Skirts: There are two kinds of skirts in SL.  The first kind is the one you wear on the aforementioned skirt level.  These skirts are not as common as they used to be, as often they do not provide the most flattering fit.  As I mentioned above, the farther a layer is from your skin, the looser it will be.  While this is fine for a shirt, the effect in the skirt layer is to make your hips and rear end larger than they normally are.  Of course I realize the idea that this is unflattering is a culture-centric thing.  In any case, you don’t come across these items that often anymore, though it does work nicely if you want to wear something like a pencil skirt.  If you do want to wear one of these skirts (also known as a system skirt), and you want to maintain your normal shape, there is an option.  If the shape you are wearing can be copied and modified, make a copy of your shape.  Then wear the copy of your shape along with the system skirt, and adjust your shape as needed (this usually involves trimming down your hips, backside and saddlebags).  Then label this shape as your “skirt shape,” and wear it when you wear these kinds of skirts.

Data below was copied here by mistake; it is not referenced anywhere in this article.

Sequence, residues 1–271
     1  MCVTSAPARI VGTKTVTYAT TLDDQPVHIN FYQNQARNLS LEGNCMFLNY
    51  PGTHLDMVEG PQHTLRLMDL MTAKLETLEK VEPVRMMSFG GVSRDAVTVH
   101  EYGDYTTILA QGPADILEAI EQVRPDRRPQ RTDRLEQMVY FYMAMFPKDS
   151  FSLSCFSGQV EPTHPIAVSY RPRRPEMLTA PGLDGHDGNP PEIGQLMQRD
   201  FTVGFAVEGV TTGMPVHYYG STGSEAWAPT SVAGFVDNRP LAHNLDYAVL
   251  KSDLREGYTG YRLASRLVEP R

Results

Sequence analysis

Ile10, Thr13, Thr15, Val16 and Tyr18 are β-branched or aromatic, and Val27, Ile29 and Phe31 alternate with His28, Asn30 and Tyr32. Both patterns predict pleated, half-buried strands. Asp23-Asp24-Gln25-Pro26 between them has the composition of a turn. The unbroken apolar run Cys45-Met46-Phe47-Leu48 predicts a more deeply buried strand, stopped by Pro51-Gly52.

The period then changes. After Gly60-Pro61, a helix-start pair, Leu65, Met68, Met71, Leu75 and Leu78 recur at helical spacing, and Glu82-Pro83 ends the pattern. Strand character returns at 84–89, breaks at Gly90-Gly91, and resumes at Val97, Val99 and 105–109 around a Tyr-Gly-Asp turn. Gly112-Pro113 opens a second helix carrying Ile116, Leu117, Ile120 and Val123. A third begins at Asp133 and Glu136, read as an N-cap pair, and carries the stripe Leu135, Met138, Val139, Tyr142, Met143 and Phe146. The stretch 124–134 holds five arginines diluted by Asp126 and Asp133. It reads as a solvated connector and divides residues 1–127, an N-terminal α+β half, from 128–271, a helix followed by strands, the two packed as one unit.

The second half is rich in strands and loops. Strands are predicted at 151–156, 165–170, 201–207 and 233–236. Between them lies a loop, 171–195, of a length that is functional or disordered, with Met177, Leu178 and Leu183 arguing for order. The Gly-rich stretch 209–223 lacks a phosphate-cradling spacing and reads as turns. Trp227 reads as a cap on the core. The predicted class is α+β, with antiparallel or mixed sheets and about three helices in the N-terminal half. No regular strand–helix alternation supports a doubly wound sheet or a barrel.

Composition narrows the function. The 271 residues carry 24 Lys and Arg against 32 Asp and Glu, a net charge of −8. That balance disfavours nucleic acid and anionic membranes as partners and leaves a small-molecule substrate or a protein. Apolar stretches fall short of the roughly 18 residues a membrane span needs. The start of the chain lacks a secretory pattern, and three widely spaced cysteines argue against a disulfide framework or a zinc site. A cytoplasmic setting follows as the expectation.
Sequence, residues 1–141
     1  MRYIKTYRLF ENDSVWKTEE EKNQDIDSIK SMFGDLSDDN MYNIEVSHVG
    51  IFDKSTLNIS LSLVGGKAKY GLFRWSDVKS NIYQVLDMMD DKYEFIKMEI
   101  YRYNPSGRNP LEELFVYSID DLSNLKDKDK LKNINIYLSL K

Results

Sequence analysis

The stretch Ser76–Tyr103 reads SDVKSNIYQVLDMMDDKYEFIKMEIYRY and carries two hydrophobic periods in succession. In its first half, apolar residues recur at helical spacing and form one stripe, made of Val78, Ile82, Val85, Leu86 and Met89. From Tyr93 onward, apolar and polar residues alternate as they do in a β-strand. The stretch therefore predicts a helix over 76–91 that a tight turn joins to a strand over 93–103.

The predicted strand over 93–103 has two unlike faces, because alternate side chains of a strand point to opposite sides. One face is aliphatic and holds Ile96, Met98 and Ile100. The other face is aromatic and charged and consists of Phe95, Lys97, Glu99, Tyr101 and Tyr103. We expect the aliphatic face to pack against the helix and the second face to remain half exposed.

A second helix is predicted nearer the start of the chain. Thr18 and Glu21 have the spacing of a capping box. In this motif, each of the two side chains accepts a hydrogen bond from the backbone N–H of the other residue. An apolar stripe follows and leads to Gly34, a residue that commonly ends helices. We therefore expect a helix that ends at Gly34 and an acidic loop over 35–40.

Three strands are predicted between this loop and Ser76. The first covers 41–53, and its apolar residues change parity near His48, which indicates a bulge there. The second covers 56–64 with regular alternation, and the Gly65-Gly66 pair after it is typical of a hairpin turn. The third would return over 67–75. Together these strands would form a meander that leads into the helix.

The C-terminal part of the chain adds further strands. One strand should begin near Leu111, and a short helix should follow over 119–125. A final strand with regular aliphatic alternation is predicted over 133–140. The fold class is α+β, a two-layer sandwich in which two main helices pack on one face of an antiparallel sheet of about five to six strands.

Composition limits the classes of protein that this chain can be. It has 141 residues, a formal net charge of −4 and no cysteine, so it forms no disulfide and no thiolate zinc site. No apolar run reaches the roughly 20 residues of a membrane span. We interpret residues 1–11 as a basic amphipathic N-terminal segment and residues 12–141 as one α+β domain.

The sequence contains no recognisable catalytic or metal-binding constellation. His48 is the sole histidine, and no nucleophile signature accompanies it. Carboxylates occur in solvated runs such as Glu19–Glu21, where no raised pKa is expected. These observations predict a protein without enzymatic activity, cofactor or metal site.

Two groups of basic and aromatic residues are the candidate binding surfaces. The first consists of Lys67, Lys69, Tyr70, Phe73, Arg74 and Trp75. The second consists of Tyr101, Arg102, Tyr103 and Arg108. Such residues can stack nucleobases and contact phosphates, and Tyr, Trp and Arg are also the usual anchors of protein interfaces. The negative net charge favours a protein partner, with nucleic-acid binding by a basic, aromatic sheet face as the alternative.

The more common type of skirt comes in two parts.  The first part is known as glitch pants, and is worn on the pants layer.  The second part is an attachment.  You will know an attachment by the tan box icon that sits next to its name in your folder.  To wear an attachment, right click on the menu item, and select “wear” from the drop down menu.  Please be sure to wear both parts!  The attachment piece gives your skirt shape and movement, but does nothing to cover your skin.  When you sit down, you could end up feeling very exposed indeed!

You guys might see an item on the skirt layer in your attire folder as well.  No, it is not an actual skirt.  Well, it could be.  Who am I to judge your wardrobe choices?  But more likely, it is the bottom half of a jacket.  Remember, you can’t take layering labels at face value.